POWERFUL PCS AND MACS used by audio creation types are being targeted by Linux cryptocurrency miners that use virtual machines to run on Window and macOS.
Security firm ESET discovered what it has dubbed LoudMiner malware, which uses virtualisation software - VirtualBox on Windows and QEMU on macOS - to run a Linux XMRig cryptocurrency coin miner on infected machines through the use of a Tiny Core Linux virtual machine.
As professional audio wrangling types tend to make use of virtual studio technology (VST) software suites which require a decent amount of compute power to run effectively, they tend to have powerful machines at their fingertips. For cryptocurrency coin mining, more power equals more calculations that can be crunched and thus more coins that can be mined.
As such, ESET noted that LoudMiner seems to be targeting these machines due to their high-performance and that high CPU usage is common, so the crypto miner syphoning off CPU power can do so without triggering immediate suspicions.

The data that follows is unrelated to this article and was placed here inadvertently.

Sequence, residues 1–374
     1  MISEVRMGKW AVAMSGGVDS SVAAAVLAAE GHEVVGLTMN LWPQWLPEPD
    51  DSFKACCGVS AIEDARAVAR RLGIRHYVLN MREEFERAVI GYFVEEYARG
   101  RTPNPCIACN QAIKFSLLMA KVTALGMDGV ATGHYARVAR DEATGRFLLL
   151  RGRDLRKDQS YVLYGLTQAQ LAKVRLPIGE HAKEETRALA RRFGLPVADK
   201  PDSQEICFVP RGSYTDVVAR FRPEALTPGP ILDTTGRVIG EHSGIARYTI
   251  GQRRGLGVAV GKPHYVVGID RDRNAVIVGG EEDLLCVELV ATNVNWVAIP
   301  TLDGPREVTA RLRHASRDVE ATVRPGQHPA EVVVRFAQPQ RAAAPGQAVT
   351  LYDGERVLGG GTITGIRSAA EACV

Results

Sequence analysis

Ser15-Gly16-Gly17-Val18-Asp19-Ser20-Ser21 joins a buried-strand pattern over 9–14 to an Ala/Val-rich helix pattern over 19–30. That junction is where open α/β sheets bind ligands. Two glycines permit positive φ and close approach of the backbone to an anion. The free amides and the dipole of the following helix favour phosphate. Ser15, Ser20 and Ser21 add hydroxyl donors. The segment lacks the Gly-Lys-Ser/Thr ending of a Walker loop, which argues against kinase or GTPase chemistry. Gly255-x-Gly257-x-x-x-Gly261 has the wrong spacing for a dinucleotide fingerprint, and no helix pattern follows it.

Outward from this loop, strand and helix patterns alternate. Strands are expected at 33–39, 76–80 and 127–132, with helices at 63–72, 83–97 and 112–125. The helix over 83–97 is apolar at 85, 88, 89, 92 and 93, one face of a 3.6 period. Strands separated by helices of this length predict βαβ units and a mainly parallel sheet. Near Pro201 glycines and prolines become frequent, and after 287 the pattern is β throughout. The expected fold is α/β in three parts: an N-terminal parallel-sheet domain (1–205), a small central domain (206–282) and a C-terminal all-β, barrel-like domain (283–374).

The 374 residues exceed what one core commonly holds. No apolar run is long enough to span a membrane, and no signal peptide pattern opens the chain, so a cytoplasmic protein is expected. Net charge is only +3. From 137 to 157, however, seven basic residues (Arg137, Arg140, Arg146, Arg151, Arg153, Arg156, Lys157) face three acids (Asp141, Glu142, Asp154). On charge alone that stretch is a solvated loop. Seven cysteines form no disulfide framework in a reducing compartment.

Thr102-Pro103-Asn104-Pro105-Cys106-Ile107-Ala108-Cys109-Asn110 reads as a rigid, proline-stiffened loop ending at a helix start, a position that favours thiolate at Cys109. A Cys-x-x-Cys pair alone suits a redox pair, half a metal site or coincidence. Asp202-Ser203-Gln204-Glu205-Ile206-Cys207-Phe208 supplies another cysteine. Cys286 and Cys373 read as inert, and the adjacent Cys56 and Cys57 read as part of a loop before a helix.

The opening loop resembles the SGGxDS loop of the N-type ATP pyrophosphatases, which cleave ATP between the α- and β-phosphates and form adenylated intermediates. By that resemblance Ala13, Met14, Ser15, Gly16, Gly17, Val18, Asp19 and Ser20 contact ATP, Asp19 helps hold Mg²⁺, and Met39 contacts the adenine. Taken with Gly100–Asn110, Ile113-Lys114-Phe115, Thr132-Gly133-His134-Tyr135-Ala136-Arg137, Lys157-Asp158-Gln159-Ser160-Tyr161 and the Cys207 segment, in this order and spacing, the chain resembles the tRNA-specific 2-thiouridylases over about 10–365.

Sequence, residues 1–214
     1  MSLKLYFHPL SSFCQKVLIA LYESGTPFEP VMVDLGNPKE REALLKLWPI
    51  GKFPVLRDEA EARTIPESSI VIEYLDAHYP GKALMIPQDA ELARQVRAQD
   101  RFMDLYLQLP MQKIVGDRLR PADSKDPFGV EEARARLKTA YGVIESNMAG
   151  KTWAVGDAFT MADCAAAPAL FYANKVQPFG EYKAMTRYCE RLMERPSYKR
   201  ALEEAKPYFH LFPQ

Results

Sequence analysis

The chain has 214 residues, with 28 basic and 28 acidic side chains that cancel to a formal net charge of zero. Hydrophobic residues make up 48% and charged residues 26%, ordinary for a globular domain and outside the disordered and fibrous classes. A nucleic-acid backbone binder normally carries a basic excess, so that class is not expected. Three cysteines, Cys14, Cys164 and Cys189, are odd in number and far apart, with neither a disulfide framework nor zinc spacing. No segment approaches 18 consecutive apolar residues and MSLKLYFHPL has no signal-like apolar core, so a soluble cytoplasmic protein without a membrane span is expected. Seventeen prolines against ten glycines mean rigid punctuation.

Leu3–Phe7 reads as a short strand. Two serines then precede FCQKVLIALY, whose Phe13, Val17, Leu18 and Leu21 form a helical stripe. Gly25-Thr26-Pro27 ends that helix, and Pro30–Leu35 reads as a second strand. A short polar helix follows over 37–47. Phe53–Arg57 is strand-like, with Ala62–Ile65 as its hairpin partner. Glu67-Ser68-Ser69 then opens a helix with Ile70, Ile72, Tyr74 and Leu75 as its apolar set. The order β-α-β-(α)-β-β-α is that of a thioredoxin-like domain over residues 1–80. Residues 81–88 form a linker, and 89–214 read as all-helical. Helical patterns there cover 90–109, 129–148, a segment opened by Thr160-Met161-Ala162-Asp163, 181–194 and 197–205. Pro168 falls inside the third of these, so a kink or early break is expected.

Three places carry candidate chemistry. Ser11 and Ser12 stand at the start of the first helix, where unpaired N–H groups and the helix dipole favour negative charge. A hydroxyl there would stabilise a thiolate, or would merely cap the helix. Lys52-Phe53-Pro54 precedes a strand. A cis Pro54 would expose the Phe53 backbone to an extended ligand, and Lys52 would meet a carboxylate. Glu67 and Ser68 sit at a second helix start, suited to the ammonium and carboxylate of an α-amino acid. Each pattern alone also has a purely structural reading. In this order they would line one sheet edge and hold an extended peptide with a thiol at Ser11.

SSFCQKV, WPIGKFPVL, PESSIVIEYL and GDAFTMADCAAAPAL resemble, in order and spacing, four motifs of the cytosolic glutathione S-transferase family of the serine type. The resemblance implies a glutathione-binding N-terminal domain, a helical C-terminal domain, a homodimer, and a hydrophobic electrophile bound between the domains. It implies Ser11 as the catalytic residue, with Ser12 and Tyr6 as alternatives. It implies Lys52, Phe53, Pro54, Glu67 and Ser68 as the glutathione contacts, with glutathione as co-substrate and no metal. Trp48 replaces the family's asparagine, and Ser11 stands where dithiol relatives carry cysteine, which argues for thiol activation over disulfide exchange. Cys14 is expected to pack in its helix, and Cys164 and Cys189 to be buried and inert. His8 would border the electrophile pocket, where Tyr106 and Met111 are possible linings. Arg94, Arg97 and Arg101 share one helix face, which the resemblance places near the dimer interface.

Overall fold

"Moreover, the decision to use virtual machines instead of a leaner solution is quite remarkable and this is not something we routinely see," explained Michal Malik, a detection engineer at ESET.
The mining malware has been distributed through a website controlled by the attacker and has been found lurking in cracked copies of VST software such a Propellerhead, Ableton Live, AutoTune and Reaktor, for Windows and macOS. There's probably a lesson in there somewhere about using dodgy cracked software, but we won't preach it to you.
Malik noted that ESET has found several examples of the malware being used out in the wild, causing CPUs to max out. The researcher did say a few things could be done to detect when LoadMiner was running on a PC, but he did lead by noting that perhaps people shouldn't pirate software in the first place.
"Obviously, the best advice to be protected against this kind of threat is to not download pirated copies of commercial software," explained Malik.
Nevertheless, LoadMiner at least gives an insight into quite a clever cryptojacking technique, and one any tech-centric audio professionals might want to keep an eye out for. µ
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